Faces of Addictionby Representative Richard E. Neal
Posted on 2016-01-06
NEAL asked and was given permission to revise and extend his
Mr. NEAL. First, Mr. Speaker, I want to call attention to the efforts
that have been made by Congresswoman Kuster and Congressman Guinta.
When Congresswoman Kuster approached me on this issue, I was all too
happy to join in. I think that the perseverance that she has offered in
the early days on this is, I think, a challenge for all of us across
New England, because what has happened across New England now is
gripping in terms of the attention that this issue has drawn.
But I want to call attention specifically to a very important case in which there is an individual whom I had a chance to witness his testimony. At the same time, I intend to quote liberally from the Springfield Republican, which is the paper of record for western Massachusetts.
I want to call attention tonight to a former Ludlow, Massachusetts, police lieutenant, Thomas Foye. Lieutenant Foye had a strong upbringing with supportive parents, a college education, a good marriage, three children, and a long career as a lieutenant in the Ludlow Police Department.
The 50-year-old was a longtime head of the detective bureau and even served on an FBI task force. He arrested many drug addicts and responded frequently to overdoses. He was at the scene of many drug- related suicides. He warned schoolchildren about the dangers of drugs. He was even an official who had been elected to the Ludlow School Committee.
That was, however, until he got addicted to OxyContin pills following shoulder surgery. Two surgeries and more pain medication prescriptions later, Lieutenant Foye found himself admitting that he was addicted.
After trying to quit on his own multiple times and suffering sickening withdrawals, he turned to his doctor for help. The same doctor who had originally prescribed him OxyContin now prescribed him more pills to both wean him off the painkillers and to put an end to his sickness.
When none of that worked, Foye admits that he broke the law and began to acquire pills illegally, taking them straight from his police department's own evidence room. When he was arrested in his office at the Ludlow Police Department in 2013, he was charged with tampering with substances, two counts of possession of a class B substance-- cocaine and OxyContin--and two counts of larceny of a drug. Subsequently, he was sentenced to 2 years in jail.
He said that it was not fear, dread, or panic that he felt when the investigation finally came to a head; rather, he felt relief. He now would be able to get help.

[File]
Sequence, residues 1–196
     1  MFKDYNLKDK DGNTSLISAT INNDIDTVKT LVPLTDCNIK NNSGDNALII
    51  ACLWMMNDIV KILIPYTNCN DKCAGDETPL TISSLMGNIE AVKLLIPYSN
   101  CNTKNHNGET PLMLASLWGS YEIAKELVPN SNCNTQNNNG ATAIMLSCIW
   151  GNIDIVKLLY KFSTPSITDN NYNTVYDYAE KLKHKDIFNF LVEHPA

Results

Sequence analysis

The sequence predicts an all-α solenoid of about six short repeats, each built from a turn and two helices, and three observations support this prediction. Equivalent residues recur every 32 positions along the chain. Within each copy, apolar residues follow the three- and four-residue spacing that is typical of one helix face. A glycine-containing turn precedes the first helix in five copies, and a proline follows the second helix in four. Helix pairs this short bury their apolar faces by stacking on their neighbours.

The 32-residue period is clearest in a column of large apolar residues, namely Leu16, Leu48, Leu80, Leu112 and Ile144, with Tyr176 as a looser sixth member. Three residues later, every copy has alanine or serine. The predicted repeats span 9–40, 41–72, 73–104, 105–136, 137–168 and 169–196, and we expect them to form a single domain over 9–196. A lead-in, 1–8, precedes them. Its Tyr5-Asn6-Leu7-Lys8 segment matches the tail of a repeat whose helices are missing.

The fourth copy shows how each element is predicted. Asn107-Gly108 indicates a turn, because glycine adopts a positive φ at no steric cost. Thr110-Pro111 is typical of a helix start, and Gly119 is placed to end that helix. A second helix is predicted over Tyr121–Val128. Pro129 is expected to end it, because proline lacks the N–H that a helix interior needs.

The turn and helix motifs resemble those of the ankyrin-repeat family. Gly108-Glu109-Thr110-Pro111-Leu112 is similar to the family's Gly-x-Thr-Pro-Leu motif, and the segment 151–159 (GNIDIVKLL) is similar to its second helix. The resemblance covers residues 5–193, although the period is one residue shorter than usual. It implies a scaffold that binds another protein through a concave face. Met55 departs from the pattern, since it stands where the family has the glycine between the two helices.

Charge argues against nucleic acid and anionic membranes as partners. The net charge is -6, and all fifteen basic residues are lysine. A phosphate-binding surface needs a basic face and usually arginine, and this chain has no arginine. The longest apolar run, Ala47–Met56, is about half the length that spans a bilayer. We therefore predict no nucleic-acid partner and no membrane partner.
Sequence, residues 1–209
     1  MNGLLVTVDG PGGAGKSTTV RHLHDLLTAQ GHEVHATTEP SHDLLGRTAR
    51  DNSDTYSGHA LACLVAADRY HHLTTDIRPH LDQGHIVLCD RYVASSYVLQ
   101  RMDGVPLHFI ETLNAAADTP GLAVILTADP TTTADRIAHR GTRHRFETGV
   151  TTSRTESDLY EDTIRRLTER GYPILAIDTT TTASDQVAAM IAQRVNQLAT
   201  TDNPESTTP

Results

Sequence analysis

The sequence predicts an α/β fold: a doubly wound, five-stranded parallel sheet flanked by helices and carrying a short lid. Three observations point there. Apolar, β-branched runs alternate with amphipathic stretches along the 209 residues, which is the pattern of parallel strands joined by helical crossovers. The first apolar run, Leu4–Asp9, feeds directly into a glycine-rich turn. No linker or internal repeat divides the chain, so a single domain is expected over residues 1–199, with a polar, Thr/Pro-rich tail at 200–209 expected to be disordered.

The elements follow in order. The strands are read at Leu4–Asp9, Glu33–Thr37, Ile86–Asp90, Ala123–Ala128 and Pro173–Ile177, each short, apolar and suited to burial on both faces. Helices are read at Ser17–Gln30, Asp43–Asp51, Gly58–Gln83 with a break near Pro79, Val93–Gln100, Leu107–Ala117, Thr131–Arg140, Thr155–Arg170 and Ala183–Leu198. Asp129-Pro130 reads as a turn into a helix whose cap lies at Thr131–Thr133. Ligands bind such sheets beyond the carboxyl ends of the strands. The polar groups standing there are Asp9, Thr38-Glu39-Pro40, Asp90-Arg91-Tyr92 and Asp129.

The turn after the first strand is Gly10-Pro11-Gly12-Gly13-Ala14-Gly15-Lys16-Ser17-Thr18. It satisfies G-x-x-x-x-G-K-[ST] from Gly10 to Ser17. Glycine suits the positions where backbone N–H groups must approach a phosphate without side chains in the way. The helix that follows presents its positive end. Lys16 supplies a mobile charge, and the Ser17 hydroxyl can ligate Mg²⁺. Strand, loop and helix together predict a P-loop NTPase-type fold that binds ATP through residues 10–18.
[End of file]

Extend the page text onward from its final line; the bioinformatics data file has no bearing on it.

He talks about the police officer who stayed with him in the detox facility following his arrest. ``Some day I want to be that guy,'' he said. ``There needs to be some dignity in drug addiction treatment.'' Lieutenant Foye was lucky in the sense that he survived his addiction and is telling his story to help others. Those who have not survived, including eight people this weekend in my congressional district in a very small geographic area, died from a lethal string of heroin that was identified as the Hollywood brand.
The Opioid Overdose Reduction Act of 2015 would exempt from civil liability emergency administration of opioid overdose-reversing drugs, like naloxone, by people who prescribe or are prescribed them. Senator Markey has offered the same legislation down the hallway in the United States Senate.
When an opioid overdose occurs, administration of an opioid-reversal drug is necessary to prevent death, but it must occur within a certain window of time before the chance of survival is lost. This is a time of quick action, not deliberations or a potential lawsuit.
Every day, 120 people die as a result of drug overdoses fueled by prescription painkillers, and another 6,748 are treated in emergency rooms for the misuse or abuse of illegal drugs. According to The Washington Post, ``overdosing is now the leading cause of accidental death in the United States, accounting for more deaths than traffic fatalities or gun homicides and suicides. Fatal overdoses from opiate medications such as oxycodone, hydrocodone, and methadone have quadrupled since 1999, accounting for an estimated 16,651 deaths in 2010.'' It is time to bring a face to those affected by addiction and stop the epidemic in communities across this country.
I want to close as I started with a note of congratulations to Ms. Kuster and to Mr. Guinta for calling attention to what is really happening across New England now. We need to be mindful of the lives that are being destroyed and the families that are succumbing to this torture over long, long periods of time trying to treat those who are addicted and to make sure they get adequate help.